Using Analytics to Attract and Retain Tech-Loving Millennials

Submitted on: Mon, 06.05.2017 06:22pm - Annie Eissler |
Using Analytics to Attract and Retain Tech-Loving Millennials

Millennials love technology. Whether they’re Snap-chatting, posting on Facebook, or using a mobile phone to hail a ride on Uber or Lyft, this huge generation was literally born with technology in its hands and grew up taking for granted many of the modern conveniences that older generations had to do without during their formative years.
This reality presents both opportunity and challenges for distributors that need to get up with the times if they want to effectively attract and retain workers aged 20-37, which currently number 75.4 million and comprise the nation’s largest living generation, according to Pew Research.
Courting the “Can’t Wait” Generation
Unwilling to wait around for a full quarter to find out how they performed over the prior three months—or work an entire year before getting an “annual review,” only to learn that they weren’t performing up to snuff—millennials love instant feedback, they don’t mind being measured, and they like to see how they’re doing in relation to their peers. As digital natives, they know analytic data is available and have an expectation to be able to use it. 
These requirements don’t always blend well with traditional distribution firms, where being family-run, generations-old, and highly reliant on veteran workers who are now reaching (or, already past) retirement age come together to create a stagnant, traditional work environment. In Q&A: The Evolution Of Distributor/Manufacturer Recruiting Strategy, recruitment expert Larry Basel explains how the competition for the “best talent” is pushing distributors to change their age-old paradigms, particularly when it comes to recruiting millennials.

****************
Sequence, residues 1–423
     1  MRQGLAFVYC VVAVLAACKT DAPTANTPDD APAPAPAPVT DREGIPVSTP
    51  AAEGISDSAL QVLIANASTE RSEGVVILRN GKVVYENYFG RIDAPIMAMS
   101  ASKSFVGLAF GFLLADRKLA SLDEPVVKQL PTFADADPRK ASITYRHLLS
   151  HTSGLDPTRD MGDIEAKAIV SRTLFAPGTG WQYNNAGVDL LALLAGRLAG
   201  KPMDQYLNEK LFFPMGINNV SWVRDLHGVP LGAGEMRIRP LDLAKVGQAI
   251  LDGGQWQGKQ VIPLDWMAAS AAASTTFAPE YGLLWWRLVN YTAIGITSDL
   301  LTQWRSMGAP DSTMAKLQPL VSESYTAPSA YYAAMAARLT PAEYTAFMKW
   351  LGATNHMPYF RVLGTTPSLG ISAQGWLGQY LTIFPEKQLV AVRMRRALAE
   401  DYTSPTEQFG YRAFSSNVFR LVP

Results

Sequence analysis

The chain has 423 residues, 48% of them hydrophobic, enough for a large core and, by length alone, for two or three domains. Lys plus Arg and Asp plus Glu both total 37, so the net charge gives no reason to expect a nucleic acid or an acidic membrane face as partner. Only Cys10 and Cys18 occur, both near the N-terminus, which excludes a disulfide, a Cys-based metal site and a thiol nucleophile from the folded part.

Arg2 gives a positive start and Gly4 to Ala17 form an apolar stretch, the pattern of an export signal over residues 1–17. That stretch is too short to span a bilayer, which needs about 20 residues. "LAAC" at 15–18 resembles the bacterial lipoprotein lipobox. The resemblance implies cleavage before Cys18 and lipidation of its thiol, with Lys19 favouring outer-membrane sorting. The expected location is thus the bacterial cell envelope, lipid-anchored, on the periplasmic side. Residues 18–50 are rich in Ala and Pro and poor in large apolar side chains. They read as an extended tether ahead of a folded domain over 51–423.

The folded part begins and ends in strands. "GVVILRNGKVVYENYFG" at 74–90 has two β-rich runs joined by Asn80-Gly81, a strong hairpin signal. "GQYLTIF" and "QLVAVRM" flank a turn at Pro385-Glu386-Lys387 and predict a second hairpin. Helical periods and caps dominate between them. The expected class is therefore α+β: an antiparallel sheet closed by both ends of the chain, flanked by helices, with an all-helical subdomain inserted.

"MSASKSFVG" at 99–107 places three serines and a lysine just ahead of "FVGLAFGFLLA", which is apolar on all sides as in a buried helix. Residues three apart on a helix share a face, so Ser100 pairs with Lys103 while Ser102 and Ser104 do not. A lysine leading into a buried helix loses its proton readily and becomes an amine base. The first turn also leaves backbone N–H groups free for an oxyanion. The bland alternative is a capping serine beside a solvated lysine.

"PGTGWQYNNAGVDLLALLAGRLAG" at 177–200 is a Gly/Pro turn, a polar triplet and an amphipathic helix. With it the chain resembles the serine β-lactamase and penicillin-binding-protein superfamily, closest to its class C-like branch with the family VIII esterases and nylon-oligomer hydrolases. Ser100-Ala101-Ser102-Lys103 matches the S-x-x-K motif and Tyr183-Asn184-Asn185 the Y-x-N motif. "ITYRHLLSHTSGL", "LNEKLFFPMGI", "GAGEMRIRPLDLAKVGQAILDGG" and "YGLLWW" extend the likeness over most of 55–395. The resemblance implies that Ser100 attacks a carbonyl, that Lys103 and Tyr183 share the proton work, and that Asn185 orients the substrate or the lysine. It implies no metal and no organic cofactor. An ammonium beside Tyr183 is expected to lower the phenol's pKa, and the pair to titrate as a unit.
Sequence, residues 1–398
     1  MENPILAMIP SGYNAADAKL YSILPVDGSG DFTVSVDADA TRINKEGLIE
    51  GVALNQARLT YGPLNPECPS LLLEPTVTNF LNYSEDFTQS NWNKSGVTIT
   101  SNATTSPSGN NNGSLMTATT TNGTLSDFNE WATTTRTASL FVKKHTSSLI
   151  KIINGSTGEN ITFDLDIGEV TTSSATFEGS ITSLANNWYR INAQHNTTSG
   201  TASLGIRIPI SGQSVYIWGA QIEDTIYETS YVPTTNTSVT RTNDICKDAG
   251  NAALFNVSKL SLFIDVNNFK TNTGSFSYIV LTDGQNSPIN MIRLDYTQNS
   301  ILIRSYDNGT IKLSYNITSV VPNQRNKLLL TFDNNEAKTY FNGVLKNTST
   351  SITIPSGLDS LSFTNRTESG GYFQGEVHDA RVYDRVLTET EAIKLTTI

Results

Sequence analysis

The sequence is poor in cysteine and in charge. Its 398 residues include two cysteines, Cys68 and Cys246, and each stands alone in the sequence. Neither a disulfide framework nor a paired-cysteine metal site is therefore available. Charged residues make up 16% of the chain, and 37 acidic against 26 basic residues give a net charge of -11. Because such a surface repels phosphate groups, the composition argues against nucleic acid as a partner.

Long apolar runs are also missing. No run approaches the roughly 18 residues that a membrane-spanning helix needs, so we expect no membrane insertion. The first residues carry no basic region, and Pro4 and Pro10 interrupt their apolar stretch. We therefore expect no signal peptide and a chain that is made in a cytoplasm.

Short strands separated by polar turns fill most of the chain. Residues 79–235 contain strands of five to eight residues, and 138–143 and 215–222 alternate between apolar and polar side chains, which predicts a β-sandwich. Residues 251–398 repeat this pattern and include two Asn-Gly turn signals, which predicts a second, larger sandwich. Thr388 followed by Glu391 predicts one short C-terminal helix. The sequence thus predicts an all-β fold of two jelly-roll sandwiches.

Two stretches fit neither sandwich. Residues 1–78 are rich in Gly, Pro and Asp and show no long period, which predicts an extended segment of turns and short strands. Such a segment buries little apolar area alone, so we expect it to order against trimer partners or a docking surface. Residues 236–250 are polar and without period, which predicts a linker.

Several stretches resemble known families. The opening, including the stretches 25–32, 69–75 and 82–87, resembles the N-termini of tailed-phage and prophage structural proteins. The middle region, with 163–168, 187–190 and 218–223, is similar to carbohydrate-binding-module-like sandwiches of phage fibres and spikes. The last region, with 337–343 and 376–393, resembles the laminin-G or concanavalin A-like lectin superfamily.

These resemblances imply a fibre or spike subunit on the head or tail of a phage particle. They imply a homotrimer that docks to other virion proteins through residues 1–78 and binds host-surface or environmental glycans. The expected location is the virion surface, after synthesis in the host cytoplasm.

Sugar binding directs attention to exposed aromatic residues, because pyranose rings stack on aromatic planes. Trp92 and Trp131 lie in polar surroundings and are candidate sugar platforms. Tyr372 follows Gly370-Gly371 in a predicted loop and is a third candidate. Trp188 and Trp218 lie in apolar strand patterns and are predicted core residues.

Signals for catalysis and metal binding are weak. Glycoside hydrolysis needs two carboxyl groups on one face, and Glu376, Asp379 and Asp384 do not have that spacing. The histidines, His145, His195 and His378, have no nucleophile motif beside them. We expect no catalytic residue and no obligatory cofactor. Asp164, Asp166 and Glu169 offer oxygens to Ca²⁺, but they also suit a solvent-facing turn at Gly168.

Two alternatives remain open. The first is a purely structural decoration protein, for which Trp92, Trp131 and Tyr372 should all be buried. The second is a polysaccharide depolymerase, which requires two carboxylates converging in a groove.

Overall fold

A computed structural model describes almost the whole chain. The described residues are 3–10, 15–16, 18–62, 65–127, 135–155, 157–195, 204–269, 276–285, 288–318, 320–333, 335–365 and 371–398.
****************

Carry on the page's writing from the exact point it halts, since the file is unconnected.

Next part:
“To attract top talent, best-in-class companies have enhanced their recruiting practices by implementing internal changes aimed at increasing employee engagement and boosting workplace culture,” Basel told Industrial Distribution. “Once company culture gaps have been addressed, employers are looking externally to partner with resources that get them in front of fresh talent, be it a staffing firm, consulting firm, or collegiate program.”
Appealing to the Tech-Savvy
Some companies are turning to analytics to entice millennials and get them to give industrial distribution a “second look” when reviewing their career opportunities. Understanding that millennials are drawn to companies that use new technologies, for example, Vesco Oil Corporation is equipping its sales reps with MITS-enabled iPads—and also allowing usage via personal mobile phone—in an effort to increase sales and profitability.
Lance Melnik, IT director at Vesco, says his teams are “chomping at the bit for access to MITS,” and doing more than positioning Vesco for the future with millennials. He's also successfully introducing powerful analytics into a mature workforce that does not always have a reputation for embracing data and new technologies.
Taking it Step by Step
Used effectively, analytics can help companies attract and retain millennials that might not otherwise consider a career in the distribution industry. In a recent report on managing millennials, PwC outlined the steps that employers can use to more successfully retain younger, tech-savvy workers. Nearly every step can be supported by analytics—here’s a sampling (read the full list of strategies here):

  • Understand them: Use metrics and benchmarking to segment your workforce in order to understand what millennials want and how these desires might be different from older workers.
  • Help them grow: Put them on special rotational assignments more frequently to give them a sense that they are moving toward something and gaining a variety of experiences. Challenge them to come up with new ways to streamline processes and to exercise creativity.
  • Let them know how they're doing: Millennials want and value frequent feedback. Unlike the past where people received annual reviews, millennials want to know how they're doing much more regularly. Give them honest feedback in real time — and highlight positive contributions or improvements on key competencies.
  • Let them advance faster:  They want career advancement much quicker than older generations are accustomed to. A relatively simple solution, such as adding more levels, grades, or other “badges,” could be enough to meet their expectations.

By leveraging analytics as a human resource and sales tool, distributors can position themselves for success in any job market and stand out from competitors who opt for more traditional, age-old recruiting, retention, feedback, and compensation methods that don’t effectively “speak” to today’s youngest generation of American workers. Isn’t it time for your company to get onboard?